Seventh graders have recently completed an intense charcoal self-portrait lesson. They began by studying the proportions of the face using pencil. Then spent a whole class simply exploring how charcoal can be used to show a wide range of values from dark to light. They then toned large paper with charcoal and a chamois and proceeded to slowly and carefully produce detailed portraits with dramatic lighting and precise drawing. It was a messy, challenging, and sometimes frustrating process, but the final drawings are beautiful.
6th graders have completed a unit exploring the details and parts and pieces of Chinese dragons. We looked at the elements that make up a Chinese dragon as well as the differences from “western” dragons. Students sculpted their creatures out of clay adding many details and textures. When they were fired we used acrylic paint to finish them with a well considered color-scheme. Some are “complimentary”, some “warm” or “cool”. Some “monochromatic”. Take a peek at them all.
The 5th graders in Mr. Adams’ class have just finished a unit exploring the beginnings of architecture. After looking at many images of cities and noting the patterns and shapes, students set about drawing their own cities using rulers and shape templates. No free hand drawing was allowed. They filled their cities with windows and balconies, smoke-stacks and stairs and then used light boxes to trace their creations onto a new piece of paper. The new piece became a painting in which students were only able to use one color but with as many shades and tints as they could create within their monochromatic world.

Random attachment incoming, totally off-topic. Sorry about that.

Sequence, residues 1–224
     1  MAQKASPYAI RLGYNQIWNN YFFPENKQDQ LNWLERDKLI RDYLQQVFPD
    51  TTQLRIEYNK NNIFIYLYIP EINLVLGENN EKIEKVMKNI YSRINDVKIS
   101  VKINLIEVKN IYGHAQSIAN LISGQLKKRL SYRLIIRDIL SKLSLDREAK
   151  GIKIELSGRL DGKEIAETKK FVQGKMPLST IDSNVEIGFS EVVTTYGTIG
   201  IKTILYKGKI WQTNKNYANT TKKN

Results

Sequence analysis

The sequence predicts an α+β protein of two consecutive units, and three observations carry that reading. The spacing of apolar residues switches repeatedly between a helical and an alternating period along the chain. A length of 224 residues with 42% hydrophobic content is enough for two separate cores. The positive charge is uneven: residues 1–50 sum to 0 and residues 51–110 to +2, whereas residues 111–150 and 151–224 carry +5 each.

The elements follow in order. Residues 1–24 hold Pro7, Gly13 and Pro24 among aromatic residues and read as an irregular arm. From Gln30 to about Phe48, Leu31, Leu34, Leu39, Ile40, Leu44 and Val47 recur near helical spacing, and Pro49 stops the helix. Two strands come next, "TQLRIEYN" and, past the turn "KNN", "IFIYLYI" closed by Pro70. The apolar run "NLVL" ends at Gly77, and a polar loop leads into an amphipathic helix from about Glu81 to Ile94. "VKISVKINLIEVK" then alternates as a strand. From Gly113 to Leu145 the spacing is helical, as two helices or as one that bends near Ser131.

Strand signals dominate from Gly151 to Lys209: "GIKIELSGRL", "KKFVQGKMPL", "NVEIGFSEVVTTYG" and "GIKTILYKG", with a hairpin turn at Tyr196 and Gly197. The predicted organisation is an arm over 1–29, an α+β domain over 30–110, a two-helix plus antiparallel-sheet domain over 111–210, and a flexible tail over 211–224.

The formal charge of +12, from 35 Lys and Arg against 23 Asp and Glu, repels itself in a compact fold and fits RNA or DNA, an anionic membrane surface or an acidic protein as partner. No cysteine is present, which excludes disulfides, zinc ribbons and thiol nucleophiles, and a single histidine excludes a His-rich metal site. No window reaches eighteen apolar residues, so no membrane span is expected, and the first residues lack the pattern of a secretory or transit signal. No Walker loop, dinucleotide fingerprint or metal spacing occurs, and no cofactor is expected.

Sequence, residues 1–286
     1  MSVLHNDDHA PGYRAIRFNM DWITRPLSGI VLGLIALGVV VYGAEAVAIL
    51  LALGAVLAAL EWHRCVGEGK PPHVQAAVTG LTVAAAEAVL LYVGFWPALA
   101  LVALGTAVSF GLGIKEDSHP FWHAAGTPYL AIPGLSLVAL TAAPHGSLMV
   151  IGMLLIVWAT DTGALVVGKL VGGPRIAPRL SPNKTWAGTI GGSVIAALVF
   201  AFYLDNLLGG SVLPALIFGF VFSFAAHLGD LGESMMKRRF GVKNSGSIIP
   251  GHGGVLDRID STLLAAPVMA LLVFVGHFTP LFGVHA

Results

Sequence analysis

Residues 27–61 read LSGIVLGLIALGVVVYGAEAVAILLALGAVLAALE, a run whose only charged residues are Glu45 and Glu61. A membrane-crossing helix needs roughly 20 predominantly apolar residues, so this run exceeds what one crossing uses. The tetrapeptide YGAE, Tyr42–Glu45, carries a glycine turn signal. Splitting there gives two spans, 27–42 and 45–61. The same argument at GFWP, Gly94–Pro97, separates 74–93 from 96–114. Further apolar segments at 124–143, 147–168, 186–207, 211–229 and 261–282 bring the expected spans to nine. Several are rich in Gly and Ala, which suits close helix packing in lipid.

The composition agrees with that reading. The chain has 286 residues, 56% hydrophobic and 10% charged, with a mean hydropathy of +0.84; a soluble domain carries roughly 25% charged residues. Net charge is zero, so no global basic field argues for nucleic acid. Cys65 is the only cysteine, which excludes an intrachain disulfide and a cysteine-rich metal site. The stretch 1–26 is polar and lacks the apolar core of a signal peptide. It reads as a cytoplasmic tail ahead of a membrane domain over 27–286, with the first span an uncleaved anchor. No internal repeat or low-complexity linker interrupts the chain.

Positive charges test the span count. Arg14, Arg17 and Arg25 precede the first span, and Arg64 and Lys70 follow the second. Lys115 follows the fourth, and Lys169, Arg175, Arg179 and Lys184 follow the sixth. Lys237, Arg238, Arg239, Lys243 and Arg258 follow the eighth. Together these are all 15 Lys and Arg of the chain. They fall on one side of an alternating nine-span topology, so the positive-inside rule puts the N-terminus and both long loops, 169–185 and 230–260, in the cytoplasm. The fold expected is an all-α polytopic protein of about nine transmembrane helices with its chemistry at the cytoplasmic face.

Falmouth students artists (alongside students from Brunswick and Bucksport) had the chance to meet the First Lady and received a certificate of excellence for their artwork in Augusta yesterday. The Excellence in Visual & Performing Arts exhibition is showcasing work from the three districts in government buildings until the end of May. Students from all grades (K-12) are featured in the show. Mr. Adams did a lot of organizing of the pieces and parts but wants to thank all the teachers in the district not only for helping choose student works but for their continued efforts in the arts and the amazing work they draw out of their students. These art teachers inspire daily and the spectacular collection hanging now in the capital couldn’t happen without you.